Last week, the Upper Yampa Water Conservancy District began releasing water from Stagecoach Reservoir to improve the health of the local river, but Spillane said he has not yet noticed significant improvements in flows.
When it comes to the local outdoor industry, Hickenlooper has faced a certain degree of criticism for his role in encouraging Smartwool to move its headquarters from Steamboat to Denver. As John Bristol, economic development director for the Steamboat Springs Chamber, said in a column for The Denver Post in 2019, losing Smartwool was a blow to a rural community like Routt County.
The clothing company paid high wages and was instrumental in diversifying the local economy at a time when the state is transitioning away from coal and coal-fired power plants.
“Losing Smartwool to Denver is going to hurt,” Bristol wrote in his column.
At the same time, he applauded Hickenlooper for helping to bring VF Corp., the parent company of Smartwool, to Colorado.
“It is important economic development work as high-paying jobs will come, and our state’s standing in global business will rise,” Bristol said in his column.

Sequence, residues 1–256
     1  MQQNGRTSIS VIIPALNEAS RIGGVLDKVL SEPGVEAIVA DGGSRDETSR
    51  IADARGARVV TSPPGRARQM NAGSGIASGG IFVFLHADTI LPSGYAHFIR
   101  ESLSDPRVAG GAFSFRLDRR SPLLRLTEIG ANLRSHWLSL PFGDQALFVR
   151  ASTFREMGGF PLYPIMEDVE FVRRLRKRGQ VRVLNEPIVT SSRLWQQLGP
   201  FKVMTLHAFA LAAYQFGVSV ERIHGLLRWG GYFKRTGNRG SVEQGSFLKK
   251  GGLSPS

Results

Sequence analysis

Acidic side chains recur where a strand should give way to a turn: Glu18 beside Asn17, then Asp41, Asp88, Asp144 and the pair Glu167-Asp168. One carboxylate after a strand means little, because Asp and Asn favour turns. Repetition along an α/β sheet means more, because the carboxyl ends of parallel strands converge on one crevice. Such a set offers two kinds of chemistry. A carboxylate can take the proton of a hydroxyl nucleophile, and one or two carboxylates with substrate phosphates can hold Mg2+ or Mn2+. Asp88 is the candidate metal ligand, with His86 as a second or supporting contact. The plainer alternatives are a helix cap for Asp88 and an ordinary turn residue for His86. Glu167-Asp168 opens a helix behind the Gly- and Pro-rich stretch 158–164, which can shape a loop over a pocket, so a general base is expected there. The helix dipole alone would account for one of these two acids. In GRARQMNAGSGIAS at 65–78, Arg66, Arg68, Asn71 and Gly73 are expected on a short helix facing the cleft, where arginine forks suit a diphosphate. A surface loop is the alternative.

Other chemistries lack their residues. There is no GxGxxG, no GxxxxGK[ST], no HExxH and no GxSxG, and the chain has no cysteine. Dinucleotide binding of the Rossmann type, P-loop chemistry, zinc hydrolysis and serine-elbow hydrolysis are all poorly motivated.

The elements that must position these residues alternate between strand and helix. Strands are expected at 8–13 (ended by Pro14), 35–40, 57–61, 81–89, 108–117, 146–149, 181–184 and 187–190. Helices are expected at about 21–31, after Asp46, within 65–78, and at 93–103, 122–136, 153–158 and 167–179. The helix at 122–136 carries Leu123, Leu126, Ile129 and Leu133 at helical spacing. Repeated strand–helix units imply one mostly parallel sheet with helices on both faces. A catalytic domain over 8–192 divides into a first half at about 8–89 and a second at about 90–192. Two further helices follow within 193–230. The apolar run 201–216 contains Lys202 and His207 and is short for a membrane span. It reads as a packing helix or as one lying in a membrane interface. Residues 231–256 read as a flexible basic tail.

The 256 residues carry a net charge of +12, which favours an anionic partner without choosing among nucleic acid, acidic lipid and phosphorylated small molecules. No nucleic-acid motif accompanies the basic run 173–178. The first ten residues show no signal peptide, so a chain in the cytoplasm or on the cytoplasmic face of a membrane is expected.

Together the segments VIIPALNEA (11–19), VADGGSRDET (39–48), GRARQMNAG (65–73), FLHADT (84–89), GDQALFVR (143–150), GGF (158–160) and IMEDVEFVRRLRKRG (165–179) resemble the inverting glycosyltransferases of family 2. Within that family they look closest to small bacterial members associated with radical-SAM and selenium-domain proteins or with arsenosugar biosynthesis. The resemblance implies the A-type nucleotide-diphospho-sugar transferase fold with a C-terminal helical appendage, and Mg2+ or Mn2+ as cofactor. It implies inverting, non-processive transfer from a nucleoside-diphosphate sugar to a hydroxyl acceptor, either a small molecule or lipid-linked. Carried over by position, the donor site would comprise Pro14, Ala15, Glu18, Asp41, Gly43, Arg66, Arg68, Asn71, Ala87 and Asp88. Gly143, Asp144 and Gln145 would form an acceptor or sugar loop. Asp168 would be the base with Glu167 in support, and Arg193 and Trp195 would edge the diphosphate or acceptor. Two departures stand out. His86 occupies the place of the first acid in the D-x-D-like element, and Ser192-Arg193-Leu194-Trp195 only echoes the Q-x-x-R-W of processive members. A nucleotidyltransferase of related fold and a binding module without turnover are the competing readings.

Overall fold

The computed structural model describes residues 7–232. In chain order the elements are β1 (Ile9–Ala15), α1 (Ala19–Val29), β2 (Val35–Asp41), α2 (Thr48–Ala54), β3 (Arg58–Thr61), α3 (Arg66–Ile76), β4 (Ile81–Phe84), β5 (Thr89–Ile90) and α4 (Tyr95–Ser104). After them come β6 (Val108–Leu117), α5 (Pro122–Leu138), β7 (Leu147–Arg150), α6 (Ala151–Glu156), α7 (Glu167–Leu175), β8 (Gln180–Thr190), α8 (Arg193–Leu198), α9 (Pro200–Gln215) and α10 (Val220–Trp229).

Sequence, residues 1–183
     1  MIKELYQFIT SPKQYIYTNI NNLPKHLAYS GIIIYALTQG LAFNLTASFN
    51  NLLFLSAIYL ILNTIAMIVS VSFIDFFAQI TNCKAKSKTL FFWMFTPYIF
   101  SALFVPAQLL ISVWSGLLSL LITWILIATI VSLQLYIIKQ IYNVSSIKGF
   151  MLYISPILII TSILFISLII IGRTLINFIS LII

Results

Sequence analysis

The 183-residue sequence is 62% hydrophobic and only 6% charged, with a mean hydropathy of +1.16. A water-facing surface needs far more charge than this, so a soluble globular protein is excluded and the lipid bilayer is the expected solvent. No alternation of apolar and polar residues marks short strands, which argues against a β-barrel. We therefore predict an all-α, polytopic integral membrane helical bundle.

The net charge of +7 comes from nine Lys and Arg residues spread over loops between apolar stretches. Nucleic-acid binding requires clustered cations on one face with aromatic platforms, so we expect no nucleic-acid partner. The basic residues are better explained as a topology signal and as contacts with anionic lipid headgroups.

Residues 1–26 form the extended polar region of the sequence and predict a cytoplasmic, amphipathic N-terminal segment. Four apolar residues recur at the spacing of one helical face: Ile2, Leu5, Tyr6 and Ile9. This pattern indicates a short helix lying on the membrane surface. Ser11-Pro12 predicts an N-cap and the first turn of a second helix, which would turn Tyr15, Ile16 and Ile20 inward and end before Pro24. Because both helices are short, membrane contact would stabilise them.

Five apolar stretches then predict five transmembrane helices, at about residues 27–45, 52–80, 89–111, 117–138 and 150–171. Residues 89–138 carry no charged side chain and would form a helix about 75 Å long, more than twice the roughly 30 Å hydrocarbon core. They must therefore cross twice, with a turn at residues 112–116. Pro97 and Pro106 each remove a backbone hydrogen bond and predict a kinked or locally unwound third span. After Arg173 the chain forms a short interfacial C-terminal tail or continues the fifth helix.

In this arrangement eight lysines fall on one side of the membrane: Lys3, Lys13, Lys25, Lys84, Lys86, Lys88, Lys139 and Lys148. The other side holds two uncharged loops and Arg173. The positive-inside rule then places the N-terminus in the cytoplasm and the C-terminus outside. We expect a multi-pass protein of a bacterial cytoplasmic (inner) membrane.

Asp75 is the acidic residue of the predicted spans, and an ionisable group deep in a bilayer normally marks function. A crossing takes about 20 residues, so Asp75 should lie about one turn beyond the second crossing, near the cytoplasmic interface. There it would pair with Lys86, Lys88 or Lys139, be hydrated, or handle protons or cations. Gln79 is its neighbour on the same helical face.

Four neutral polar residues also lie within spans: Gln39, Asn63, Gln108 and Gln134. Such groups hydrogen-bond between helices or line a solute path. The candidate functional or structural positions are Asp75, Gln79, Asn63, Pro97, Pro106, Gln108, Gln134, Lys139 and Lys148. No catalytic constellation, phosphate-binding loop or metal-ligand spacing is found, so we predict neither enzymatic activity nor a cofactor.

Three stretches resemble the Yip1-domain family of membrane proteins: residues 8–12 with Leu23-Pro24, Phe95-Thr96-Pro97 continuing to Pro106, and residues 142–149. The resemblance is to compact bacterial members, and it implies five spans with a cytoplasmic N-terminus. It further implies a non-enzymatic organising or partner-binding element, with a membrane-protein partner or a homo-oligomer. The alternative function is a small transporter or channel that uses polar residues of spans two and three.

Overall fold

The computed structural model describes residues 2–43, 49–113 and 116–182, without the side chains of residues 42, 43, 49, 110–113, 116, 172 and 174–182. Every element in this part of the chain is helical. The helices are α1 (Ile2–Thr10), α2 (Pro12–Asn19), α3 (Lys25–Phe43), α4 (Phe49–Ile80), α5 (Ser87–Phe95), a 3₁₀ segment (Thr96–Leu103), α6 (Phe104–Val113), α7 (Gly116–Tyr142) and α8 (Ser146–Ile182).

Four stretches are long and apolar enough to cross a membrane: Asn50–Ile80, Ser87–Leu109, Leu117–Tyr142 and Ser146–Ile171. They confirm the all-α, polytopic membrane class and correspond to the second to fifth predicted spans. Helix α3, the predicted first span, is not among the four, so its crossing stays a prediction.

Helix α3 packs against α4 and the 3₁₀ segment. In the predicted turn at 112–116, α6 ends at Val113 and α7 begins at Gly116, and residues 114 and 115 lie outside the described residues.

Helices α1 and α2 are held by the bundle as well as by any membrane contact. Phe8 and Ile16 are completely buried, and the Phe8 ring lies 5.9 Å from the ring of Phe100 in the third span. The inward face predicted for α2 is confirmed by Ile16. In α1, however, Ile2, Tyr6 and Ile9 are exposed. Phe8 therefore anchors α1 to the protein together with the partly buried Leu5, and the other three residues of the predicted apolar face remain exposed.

His point for the column, as Bristol said in an email on Saturday, is that Colorado leaders need to consistently support rural economies and rural jobs.
During his Steamboat visit, Hickenlooper discussed two other main platforms of his campaign, namely his support for universal health care coverage — something he said has become increasingly important amid the pandemic — and climate action.
As he posited, more rural communities like Steamboat will be the ones facing the brunt of climate change, from greater drought to lower snowpack.
“I am going to make the argument that no one knows what the future is going to be, but we have to recognize that if you don’t accommodate potential changes that could damage our climate, could damage our economy, the costs will be enormous,” Hickenlooper said.
He advocated for funding to support job retention for the workers who rely on the coal industry that he wants to replace with renewable energies, like wind and solar. The switch to renewables, Hickenlooper argues, will create more jobs and lower utility costs.
Asked how he would combat the COVID-19 pandemic as a U.S. senator, Hickenlooper said he would take a science-based approach to uphold health guidelines, such as requiring face masks in public spaces, and increase testing capacity.
“I believe you have to utilize facts. That puts me way ahead of the White House,” Hickenlooper said.
While he acknowledged the argument of those who say the health guidelines encroach on their individual freedoms, he said during a public health crisis ,citizens must make certain decisions for the greater good.
As Hickenlooper concluded, “We will never beat COVID unless we are all willing to look after each other.”